The ABC of Habit
Habit is like an addiction. We routinely execute the routine once we are triggered.
In the realm of applied behaviour analysis, B.F. Skinner developed a three-term contingency to shape behaviour: stimulus, response, and reinforcement, which today is more commonly known as Antecedent, Behavior and Consequences,
ABC provides a systematic way to dissect, understand and communicate a habit or behaviour. It provides a framework to modify behaviour and habit.
Explanation of Terminology
Antecedent: Also known as the "cue"," trigger". The antecedent refers to the trigger. The antecedent can be anything from an object, a person, an emotion, event, or circumstances, that led up to the behaviour.
Behaviour: What one does with following the triggering event.
Consequences: The consequence is an action or response that follows the behaviour.
Some practical example:
1. McDonald Milkshake:
a. Trigger: Driving home from work in the evening and pass by a McDonald drive-through
b. Behaviour: Purchase a double chocolate milk-shake
c. Consequences: A very satisfying drink after a day of hard work and an also growing waistline
2. From Fear to Stuttering:
a. Trigger: A particular fierce teacher appears in the classroom
b. Behaviour: Student felt tight in the chest (a fear respond) and stuttered.
c. Consequences: Scolded by the teacher for not answering well nor put in enough effort. Negative reinforce the fear response.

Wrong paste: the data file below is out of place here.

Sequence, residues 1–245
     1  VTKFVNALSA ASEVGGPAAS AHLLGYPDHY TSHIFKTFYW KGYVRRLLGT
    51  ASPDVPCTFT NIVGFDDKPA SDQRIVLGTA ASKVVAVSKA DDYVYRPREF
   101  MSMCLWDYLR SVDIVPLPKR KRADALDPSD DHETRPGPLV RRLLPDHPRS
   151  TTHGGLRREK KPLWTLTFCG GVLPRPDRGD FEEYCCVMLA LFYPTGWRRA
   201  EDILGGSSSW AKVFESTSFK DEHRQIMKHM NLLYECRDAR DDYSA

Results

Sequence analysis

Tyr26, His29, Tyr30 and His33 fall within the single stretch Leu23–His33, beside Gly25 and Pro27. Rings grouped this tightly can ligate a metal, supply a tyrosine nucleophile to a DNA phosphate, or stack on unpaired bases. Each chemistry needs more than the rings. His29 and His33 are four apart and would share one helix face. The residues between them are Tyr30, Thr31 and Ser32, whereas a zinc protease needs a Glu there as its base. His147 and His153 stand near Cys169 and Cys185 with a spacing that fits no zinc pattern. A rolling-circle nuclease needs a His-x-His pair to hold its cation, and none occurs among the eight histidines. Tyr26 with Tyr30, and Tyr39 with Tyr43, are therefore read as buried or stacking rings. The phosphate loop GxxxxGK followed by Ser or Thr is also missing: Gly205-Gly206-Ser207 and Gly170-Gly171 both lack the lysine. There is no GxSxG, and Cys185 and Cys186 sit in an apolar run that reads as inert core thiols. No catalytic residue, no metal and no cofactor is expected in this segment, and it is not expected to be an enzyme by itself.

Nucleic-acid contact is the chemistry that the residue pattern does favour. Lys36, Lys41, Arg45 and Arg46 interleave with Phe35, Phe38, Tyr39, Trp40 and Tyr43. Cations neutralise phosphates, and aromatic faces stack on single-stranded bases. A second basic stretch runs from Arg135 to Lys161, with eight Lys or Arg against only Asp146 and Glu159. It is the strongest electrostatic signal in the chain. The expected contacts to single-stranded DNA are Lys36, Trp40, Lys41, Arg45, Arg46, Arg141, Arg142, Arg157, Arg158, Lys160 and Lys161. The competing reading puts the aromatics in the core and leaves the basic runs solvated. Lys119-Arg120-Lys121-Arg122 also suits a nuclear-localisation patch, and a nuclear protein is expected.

How to modify a habit
Modify the trigger: In the example of McDonald Milkshake, we can modify the trigger (cue) of drinking milk-shake by driving a different route. This is also known as changing the trigger. Without the trigger, the automated behaviour (in this case, buying and drinking milk-shake) will not happen.
Substituting behaviour: in the example of "From Fear to Stuttering". We can modify the replace the habit of fear with another positive habit/routine, e.g. teaching the student how to relax in the presence of the trigger, since removing the teacher is typically a non-starter.
Change is hard. Knowing what we should be doing differently is one crucial step, but changing behaviour is another big hurdle for most people. Coaching helps people to examine what needs changing in their personal and professional lives, and also plays an essential role in facilitating the necessary behaviour change.
If you are struggling with changing your habit, reach out to us. We will be delighted to support you through the change journey.